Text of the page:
Generating a Tax Summary Report

If you've read our article about creating accounting categories and defining a chart of accounts, you'll know that the categories you define can include a tax line, which helps you allocate your income and expense transactions to specific tax categories. These might differ from the internal category names you define that are used on the Profit and Loss Statement and your Accounting Dashboard charts. Farmbrite will use the tax lines you define to group categories together in the Tax Summary report. 

You can find the Tax Summary by navigating to Reports, finding the section for Accounting and Financial Reports, and clicking Tax Summary / Schedule F. The report is run for the calendar year by default, as that usually aligns with your tax filings. You can change the date range and update the report at the top to see transactions that took place during a different period if you'd like. You can also add additional levels of detail by grouping the report by month, or by year if you date range spans multiple calendar years. The report totals your expenses and income, and then provides a net profit at the bottom.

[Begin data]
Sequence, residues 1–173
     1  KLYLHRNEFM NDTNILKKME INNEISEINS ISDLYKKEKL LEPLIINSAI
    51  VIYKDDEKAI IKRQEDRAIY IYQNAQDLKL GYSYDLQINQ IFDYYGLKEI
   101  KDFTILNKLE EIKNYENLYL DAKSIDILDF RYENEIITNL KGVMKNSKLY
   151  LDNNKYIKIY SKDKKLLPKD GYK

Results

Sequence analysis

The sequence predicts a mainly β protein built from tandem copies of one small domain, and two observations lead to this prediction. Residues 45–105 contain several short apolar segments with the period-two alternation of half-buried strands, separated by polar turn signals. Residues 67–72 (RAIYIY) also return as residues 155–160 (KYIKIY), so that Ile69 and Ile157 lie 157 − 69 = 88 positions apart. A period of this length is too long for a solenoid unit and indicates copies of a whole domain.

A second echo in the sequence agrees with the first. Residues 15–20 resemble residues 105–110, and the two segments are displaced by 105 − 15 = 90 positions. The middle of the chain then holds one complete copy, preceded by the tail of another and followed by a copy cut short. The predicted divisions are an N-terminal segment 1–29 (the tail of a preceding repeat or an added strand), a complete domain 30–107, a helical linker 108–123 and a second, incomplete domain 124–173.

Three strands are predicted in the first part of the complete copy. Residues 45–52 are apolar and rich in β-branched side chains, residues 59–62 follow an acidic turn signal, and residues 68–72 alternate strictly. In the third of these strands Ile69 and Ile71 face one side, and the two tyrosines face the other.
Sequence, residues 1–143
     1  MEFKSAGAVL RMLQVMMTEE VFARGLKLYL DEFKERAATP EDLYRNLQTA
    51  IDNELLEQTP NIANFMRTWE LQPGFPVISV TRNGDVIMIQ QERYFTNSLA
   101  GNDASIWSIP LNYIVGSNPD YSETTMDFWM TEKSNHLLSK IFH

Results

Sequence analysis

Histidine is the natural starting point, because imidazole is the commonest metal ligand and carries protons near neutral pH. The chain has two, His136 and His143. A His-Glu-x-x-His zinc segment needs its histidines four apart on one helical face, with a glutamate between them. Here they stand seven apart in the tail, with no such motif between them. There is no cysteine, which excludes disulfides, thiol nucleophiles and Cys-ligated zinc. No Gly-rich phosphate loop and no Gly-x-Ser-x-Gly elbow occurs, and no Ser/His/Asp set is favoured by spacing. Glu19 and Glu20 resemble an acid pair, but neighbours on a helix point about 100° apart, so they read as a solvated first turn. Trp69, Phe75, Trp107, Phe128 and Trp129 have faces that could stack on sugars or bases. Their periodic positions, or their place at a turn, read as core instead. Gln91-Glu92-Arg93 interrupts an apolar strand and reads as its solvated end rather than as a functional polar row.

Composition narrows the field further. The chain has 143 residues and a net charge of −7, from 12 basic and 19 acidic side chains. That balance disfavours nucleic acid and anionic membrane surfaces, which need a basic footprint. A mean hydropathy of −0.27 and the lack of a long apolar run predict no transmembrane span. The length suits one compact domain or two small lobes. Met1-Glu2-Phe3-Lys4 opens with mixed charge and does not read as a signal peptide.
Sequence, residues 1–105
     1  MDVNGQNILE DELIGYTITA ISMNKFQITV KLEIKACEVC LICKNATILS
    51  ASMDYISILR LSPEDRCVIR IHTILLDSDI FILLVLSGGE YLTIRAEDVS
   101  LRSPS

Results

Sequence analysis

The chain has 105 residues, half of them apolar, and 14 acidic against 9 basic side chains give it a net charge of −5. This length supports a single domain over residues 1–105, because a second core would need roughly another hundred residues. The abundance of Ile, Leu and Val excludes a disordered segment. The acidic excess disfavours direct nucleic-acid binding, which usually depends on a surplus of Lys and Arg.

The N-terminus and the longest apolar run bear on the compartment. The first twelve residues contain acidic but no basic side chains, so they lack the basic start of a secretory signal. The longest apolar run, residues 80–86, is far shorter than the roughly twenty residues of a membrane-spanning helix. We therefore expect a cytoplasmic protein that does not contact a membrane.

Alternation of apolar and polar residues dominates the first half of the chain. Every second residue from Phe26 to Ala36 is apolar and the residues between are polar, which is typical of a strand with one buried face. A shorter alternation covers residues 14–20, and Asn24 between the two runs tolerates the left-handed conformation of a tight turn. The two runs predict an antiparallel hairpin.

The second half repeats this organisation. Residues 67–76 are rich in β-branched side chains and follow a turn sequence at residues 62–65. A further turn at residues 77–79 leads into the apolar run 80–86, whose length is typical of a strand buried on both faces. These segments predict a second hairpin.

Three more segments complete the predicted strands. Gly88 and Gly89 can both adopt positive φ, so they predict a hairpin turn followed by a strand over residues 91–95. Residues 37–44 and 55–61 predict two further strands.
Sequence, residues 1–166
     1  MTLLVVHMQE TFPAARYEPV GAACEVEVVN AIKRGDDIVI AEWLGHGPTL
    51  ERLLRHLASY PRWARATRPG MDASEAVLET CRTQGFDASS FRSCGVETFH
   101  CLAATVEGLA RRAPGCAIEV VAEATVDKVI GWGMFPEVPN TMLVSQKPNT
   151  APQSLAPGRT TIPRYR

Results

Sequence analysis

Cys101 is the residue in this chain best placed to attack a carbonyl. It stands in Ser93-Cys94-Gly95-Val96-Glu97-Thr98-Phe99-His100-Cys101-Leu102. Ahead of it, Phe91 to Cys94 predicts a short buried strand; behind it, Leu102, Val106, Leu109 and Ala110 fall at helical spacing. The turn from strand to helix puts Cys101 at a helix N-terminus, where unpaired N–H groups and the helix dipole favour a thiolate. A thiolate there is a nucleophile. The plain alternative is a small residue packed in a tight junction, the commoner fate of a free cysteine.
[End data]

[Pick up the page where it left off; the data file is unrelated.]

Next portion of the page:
If you have not customized a chart of accounts with unique categories, your Farmbrite system defaults to using the standard Schedule F US Tax lines for this report. You'll see them in the image above; see income rows like 1a, 1b, 2, 3a, 4, etc. If you have created a customized chart of accounts, the rows you see on this report will be defined by the tax lines you entered on your chart of accounts. You'll see tax lines like  dog food sales and farm camp income above. We want to specifically point this out, as we started with the default categories and added more to them when setting up our chart of accounts, so both are displayed in the report. 

Be aware that you can use the same tax line on multiple categories to combine them into a single row on this report. In our example below, see that we have defined separate categories for cattle and chicken feed, but used the same tax line (16) on each of them, and associated them both with the parent category "feed". We added $800 in cattle feed expenses, and the a separate transaction for $700 in chicken feed. Note that we could have alternatively added both in a single $1500 transaction by using Farmbrite's Split Transaction feature if we had bought the feed in the same transaction from the same vendor on the same day. When we run the Tax Summary report, we see a single row for line 16, with $1500 in total expenses. Taking it one step further though, see that the Profit and Loss Statement will retain the category separation, showing us the $800 in cattle feed, $700 in chicken feed, and a feed category total of $1500.